Oregon State University officials fielded questions about plans for a new campus police force Thursday on a day when the school’s current law enforcement agency was in the headlines once again for all the wrong reasons.
The Oregon State Police, which has provided law enforcement services on the Corvallis campus since 1989, declared in October that it was ending the contract in the wake of criticism from OSU leadership over the arrest of a Black student who refused to show ID after being stopped for riding her bike on the wrong side of the street.
This spring the university announced plans to form its own armed police force and hired Edgar Rodriguez, the former chief of public safety at Quinnipiac University in Connecticut, to lead it. The handoff was supposed to happen on Wednesday, but instead outgoing President Ed Ray announced the university would continue to rely on the Oregon State Police through the end of this year to allow time for additional community engagement.
Some members of the OSU community, including a group called Disarm OSU, had been pushing back on the idea of an armed campus police force in light of calls for police reform and racial justice raised by the Black Lives Matter movement since the May 25 police killing of George Floyd in Minneapolis.
On Thursday, instead of taking the reins of a new OSU police force, Chief Rodriguez found himself taking part in a virtual town hall meeting with other university officials to address questions about what law enforcement will and should look like at the university.
During the hourlong Zoom conference, Rodriguez promised to build a responsible, respectful and transparent police department that would foster a safe and caring environment on campus.
He said the department’s 15 or so sworn officers would carry guns and would be assisted by unarmed members of the OSU Department of Public Safety. Both armed and unarmed officers will wear body cameras, he said.
Rodriguez said he would recruit officers who share the university’s values and said their training would include an emphasis on social justice, mental health crisis intervention and de-escalation.
“Training will be above and beyond state requirements,” he said.
He said all complaints and use-of-force incidents will be investigated, and the department will produce annual reports on its law enforcement activities. He also promised to form an oversight committee that will include students, faculty and staff representing a cross-section of the community.
Rodriguez and other university officials responded to a number of questions from town hall participants.
Asked how officers would handle traumatic situations such as sexual assault or a mental health crisis, Rodriguez said they would be trained to respond with sensitivity.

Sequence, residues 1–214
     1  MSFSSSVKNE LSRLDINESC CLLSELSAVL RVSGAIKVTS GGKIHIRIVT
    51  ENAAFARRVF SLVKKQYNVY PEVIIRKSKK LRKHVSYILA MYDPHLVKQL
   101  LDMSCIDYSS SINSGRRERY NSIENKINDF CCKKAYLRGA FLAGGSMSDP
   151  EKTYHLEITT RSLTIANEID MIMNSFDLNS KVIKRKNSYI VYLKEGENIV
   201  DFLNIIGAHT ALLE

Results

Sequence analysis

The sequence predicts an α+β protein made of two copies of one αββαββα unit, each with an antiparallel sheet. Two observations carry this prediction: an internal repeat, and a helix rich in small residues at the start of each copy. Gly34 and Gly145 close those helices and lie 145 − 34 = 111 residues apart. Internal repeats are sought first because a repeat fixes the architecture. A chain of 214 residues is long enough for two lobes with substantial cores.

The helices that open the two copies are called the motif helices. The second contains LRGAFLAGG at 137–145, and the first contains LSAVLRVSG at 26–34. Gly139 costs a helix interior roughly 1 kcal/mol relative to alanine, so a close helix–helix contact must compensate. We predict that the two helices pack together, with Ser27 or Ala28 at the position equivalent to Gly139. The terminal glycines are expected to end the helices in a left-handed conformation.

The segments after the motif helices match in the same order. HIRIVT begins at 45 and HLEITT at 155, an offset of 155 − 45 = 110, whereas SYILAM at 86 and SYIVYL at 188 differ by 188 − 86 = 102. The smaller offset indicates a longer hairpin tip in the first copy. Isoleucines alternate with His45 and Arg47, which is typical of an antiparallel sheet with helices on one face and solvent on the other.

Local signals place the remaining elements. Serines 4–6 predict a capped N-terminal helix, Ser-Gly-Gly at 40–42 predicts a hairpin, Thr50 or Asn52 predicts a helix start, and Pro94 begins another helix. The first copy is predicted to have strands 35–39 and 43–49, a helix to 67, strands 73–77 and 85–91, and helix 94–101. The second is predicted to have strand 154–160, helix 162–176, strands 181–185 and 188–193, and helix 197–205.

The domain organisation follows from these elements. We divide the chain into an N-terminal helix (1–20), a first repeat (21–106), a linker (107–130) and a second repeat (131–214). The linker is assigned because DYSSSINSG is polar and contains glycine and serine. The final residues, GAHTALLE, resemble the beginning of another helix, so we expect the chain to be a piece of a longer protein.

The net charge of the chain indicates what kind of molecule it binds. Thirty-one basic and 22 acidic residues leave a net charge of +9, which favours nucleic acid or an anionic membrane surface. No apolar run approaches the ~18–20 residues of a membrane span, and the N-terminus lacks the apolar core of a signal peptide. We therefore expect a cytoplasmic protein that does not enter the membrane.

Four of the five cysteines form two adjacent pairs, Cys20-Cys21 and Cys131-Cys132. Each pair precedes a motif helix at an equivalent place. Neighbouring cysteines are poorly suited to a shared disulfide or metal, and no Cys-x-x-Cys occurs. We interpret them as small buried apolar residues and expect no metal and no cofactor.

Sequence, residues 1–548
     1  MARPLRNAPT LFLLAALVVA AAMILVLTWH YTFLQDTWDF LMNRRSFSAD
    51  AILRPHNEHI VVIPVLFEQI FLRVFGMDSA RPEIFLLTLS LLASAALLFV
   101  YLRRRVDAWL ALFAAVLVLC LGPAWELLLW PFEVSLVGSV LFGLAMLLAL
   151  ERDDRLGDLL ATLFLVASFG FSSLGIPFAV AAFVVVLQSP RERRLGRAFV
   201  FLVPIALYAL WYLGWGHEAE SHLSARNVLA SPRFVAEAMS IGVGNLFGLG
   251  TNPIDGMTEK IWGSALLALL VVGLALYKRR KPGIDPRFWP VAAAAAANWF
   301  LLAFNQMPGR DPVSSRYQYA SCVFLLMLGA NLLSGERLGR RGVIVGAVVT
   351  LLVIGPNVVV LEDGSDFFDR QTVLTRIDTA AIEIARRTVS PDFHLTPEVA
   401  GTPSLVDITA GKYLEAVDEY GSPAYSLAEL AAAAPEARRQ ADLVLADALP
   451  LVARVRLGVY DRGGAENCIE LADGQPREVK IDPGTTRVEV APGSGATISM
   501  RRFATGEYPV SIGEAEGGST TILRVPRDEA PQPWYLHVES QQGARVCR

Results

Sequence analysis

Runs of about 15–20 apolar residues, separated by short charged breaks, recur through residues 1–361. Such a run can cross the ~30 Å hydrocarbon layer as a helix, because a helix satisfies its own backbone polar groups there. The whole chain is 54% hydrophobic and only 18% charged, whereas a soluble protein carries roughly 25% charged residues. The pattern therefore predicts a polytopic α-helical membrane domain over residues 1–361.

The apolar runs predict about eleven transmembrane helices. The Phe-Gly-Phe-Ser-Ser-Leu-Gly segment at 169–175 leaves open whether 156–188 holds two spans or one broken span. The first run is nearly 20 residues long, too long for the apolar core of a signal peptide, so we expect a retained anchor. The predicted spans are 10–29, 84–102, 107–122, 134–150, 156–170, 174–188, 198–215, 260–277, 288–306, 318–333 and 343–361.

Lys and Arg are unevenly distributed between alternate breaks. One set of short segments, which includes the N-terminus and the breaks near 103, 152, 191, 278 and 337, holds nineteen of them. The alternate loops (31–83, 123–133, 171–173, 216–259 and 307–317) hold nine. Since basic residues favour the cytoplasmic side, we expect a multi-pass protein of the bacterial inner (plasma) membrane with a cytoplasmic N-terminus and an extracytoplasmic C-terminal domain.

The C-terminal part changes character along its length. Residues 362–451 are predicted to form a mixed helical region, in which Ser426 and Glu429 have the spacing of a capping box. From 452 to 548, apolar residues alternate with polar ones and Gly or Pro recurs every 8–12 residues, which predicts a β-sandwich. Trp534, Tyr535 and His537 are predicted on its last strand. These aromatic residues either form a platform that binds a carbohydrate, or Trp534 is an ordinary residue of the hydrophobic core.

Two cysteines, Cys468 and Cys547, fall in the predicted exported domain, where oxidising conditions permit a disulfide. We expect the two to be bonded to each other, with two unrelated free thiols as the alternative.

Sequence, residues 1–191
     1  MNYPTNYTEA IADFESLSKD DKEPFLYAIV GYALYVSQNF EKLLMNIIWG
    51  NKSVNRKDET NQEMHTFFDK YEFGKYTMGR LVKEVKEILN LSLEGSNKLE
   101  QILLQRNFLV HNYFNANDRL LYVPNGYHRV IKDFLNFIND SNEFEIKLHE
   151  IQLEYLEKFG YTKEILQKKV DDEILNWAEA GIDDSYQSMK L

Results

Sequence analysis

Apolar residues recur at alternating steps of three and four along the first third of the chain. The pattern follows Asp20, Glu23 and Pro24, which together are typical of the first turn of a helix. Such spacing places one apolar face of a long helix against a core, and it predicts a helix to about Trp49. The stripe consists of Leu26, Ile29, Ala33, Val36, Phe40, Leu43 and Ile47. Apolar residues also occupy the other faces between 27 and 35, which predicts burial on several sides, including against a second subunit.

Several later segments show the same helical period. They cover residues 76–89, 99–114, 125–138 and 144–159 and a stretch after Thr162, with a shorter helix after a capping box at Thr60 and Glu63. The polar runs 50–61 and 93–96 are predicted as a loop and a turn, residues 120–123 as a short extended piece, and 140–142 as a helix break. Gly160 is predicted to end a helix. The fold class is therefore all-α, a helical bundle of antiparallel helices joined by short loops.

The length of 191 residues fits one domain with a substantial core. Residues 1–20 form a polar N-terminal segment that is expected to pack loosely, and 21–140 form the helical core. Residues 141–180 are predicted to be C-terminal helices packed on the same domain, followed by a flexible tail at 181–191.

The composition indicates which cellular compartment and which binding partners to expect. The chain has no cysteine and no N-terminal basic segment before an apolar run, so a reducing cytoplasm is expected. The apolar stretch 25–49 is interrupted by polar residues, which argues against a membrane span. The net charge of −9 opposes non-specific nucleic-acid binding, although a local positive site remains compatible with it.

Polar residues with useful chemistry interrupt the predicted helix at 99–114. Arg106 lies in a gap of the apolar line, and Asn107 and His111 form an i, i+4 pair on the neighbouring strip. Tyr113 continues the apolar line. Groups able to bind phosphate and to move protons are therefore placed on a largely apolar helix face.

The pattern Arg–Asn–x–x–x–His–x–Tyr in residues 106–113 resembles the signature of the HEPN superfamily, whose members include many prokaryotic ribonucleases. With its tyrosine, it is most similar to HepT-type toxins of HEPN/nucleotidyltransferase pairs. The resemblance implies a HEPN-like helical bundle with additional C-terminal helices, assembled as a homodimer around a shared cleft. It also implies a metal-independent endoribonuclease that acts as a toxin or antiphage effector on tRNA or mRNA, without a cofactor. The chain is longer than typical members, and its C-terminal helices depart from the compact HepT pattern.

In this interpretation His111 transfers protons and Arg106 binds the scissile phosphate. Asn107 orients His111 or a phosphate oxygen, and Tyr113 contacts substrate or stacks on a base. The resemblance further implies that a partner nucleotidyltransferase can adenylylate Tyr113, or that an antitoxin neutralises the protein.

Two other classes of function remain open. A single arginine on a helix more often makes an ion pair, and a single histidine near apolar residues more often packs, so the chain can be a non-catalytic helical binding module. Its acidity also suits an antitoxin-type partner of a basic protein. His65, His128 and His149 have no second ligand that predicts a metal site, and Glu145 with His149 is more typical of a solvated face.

“My No. 1 priority will be the safety of the student, faculty or staff,” he said. “We’ll make sure that they’re safe, provide them with the care they need, then follow up with the investigation.”
Asked if the department would hire officers with a history of complaints or disciplinary actions, Rodriguez said those would be deal-breakers that would be flagged in a pre-employment background investigation.
“If any of those come up, they will not be hired at Oregon State University.”
Asked why OSU needs an armed police force at all, Rodriguez said officers need guns to protect the campus community from violent crime.
“We need to respond appropriately to make sure we are providing the safety and security that our students need,” he said.
“At the high end of that we have the concern of an active shooter,” added Paul Odenthal, the university’s senior associate vice president for finance and administration.
Odenthal also addressed a Wednesday incident involving four state troopers from the OSU command who allegedly flouted Gov. Kate Brown’s latest executive order regarding coronavirus by refusing to wear face masks in an off-campus coffee shop.
“OSP told us about it (and said) it was not behavior the leadership of OSU expects from their troopers,” Odenthal said.
One of the troopers, who reportedly questioned the governor’s authority to require face coverings, has been placed on leave while the incident is under investigation.
Vice President Charlene Alexander, the university’s chief diversity officer, said both Rodriguez and new OSU President F. King Alexander are committed to ensuring that the campus police force reflects the university’s values.
“It will be based on accountability, it will be based on a level of control we did not have prior with the Oregon State Police, and I think those things are important,” she said.
“I am confident we are heading in the right direction, and we have the leadership in place to get us there.”
Additional community outreach sessions are planned over the course of this month to help design the university’s new police force.
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